Yeah, I like this idea a lot, if only because it’s so relatable. Like, I looo-oooove Tekken, don’t get me started on Tekken, but Johnny Dangerously over here is going in hard, pulling out all the stops, and I’m like, “Jeesh, give it a rest, man, it isn’t even fun anymore, now I hate Tekken, thanks a lot, jerk.” Maybe part of those Sour Grapes is, sure, I’m competitive, too; sure, if I knew what Johnny knew, I could win too. But it isn’t my priority to be the best-ever at Tekken even though, in the moment (i.e. when I’m losing) I suddenly wish I could kick some ass. So I default to competitive ambivalence: “I didn’t even want to win, jerk! It’s just, I like Tekken, and you’re ruining it!”

      There’s another idea here somewhere, and it’s kind of insidious and sticky: for all of us, “fair play” means “evenly matched” (which, yes, is what you were saying in your earlier comment upthread). Competing against a wimp is boring. Meanwhile, playing someone who outpaces and outranks us, that’s actually hugely frustrating. We shout “Cheap! That was cheap, man!” We shout, “This isn’t even fun now! I’m not playing!”

      The other book I’d point to, Mike, is ‘Finite and Infinite Games,’ which is about ten pages long but I have never finished reading it. I’m scared to finish reading it.

      • Being evenly matched is the most exciting thing in competition. When there’s a perfect risk/reward balance, that’s when victory is the most fulfilling. It narrows down the margin of error and makes your win actually feel like it means something. For a person like myself who defines happiness through success and developing skill, it’s the ultimate high.

        Problem is finding people who are at your level. This is why I always wanted a non-asshole roommate who played games so we could be rivals. Having a rival is the quickest way to improve at something, as it gives you a motivator. Chris Hardwick uses the example in The Nerdist Way of finding someone whose picture you can look at to inspire you to keep working on yourself. In a “fuck you!” or “I’ll show you!” kind of way.

      • Jenn Frank says:

        All these remarks (and thank you for bringing them off Facebook and over here for me) really bring it full-circle for me. I first started down this rabbit’s hole, a whole entire year ago, because I was thinking all over again about how some types of crime are fascinating and “high” (“moral,” almost) while others are cheap and “low” (“immoral,” “amoral”). We divvy scams into those two columns.

        Now, I am a woman who will see a great magic trick on the street, throw a five-dollar bill down, and the magician—who suddenly feels guilt because he thinks the illusion wasn’t all that deft or credible?—will say to me, “Let me show you two more, ma’am.” Man, that is great. I love that. I still love a good con, and I love being conned two more times for five bucks. Like, I will PAY for the privilege. We all love great gimmicks! That is WHY we play video games: for a deft illusion. We aren’t being ‘had,’ exactly—not completely, because we’re skeptical, not all-the-way complicit—but we admire how we are being manipulated. That’s highbrow stuff. That’s the same thing as admiring Roger Craig’s manipulation of the game Jeopardy!, in a way. We go, “Man, you are GOOD,” and we feel all this, uh, this vicarious feeling of success.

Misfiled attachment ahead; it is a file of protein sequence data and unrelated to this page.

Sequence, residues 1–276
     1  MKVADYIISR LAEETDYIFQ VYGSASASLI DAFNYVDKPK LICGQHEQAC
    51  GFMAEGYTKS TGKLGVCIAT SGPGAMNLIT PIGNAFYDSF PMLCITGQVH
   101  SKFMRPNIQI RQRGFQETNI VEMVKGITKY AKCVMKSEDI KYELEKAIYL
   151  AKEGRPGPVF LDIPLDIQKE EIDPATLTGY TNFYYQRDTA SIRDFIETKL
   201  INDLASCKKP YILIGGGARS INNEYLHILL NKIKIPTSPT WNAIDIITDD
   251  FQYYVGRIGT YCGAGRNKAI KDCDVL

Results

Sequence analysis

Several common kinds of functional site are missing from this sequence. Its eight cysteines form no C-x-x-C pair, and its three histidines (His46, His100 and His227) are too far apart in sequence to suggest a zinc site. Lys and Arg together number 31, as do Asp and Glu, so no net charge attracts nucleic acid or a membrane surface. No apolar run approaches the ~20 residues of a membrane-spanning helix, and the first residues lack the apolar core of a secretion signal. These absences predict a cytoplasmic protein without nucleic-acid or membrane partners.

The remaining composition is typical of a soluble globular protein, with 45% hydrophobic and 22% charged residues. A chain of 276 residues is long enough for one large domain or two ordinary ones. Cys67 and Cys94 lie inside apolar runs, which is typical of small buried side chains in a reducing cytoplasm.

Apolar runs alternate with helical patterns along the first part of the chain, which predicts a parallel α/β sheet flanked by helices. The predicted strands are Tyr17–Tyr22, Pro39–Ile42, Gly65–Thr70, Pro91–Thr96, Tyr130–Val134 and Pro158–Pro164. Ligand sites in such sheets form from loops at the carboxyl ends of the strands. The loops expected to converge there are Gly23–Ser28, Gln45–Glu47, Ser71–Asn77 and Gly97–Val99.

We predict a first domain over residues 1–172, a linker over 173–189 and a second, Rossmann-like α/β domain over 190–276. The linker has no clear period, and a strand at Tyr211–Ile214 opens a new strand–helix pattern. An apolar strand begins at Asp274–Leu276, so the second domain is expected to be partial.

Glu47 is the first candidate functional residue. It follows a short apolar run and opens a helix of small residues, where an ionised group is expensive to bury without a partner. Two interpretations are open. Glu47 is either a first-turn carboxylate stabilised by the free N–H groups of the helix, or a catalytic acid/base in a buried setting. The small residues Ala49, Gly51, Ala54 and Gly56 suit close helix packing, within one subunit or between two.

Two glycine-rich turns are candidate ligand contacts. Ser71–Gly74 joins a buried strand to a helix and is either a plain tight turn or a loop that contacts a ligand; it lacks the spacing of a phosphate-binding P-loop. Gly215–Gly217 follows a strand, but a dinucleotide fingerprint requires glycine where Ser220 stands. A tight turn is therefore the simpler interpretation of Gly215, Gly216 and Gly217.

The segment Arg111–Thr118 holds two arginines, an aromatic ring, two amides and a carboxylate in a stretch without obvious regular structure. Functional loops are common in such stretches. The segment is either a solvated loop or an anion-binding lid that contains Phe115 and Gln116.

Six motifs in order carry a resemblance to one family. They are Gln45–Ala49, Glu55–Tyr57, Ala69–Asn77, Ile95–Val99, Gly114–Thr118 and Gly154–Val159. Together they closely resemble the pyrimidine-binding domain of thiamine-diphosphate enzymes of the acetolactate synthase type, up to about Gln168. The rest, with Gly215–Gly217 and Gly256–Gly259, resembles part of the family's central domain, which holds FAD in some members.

Then there’s the “cheap” stuff. “Cheap” is being mugged. “Cheap” is having your identity stolen in a way that doesn’t require, I don’t know, amazing counterfeits and painstaking replicas. “Cheap” is having your purse stolen when you aren’t looking. “Cheap” lacks dexterity; it is thug crime. (ETA: There is no strategy in thug crime at all! It is a sort of audacious “buttonmashing.”)

        When we admonish an opponent, whether computer-generated or human, as “cheap,” we are assigning categories and values to these things, just as Roger Craig does when he is working out the rules and natural logic of a different game. See what I’m getting at?

        ETA: It’s like, we’re all trying to recognize patterns—or “rules”—but we’re also assigning all these values, trying to prioritize all that information in a different way. Hmm. I dunno yet.

  6. Ernesto Regalado says:

    This reminds me of another contraversial figure in the game show world. Michael Larson was the guy who “solved” Press Your Luck, the 80s game show with the lights on the board and the “whammys”. I first heard about this guy in the 90s. There were rumors online about a potential movie based on the life of this guy who figured out there was a pattern to the way the lights move and went on to win over a hundred thousand dollars. Bill Murray was supposedly in talks to star. I, being a huge Murray fan, immediately pictured him as the hero. The guy who saw something nobody else did. The movie was never made but an hour-long special was broadcast on the Game Show Network about the guy in 2002. I was appalled by that special because it cast Michael Larson as the villain.

    The special was mostly interviews with producers and the other contestants, so it wasn’t very “fair” to him. He was deceased after losing all of his money in bad investments and bad luck so he couldn’t stand up for himself. It made it seem like he was a “con man” always looking for a “get rich quick”. The producers seemed to have sour grapes, probably because they lost a lot of money, but they themselves said they couldn’t find a single rule in his contract that said what he did was wrong.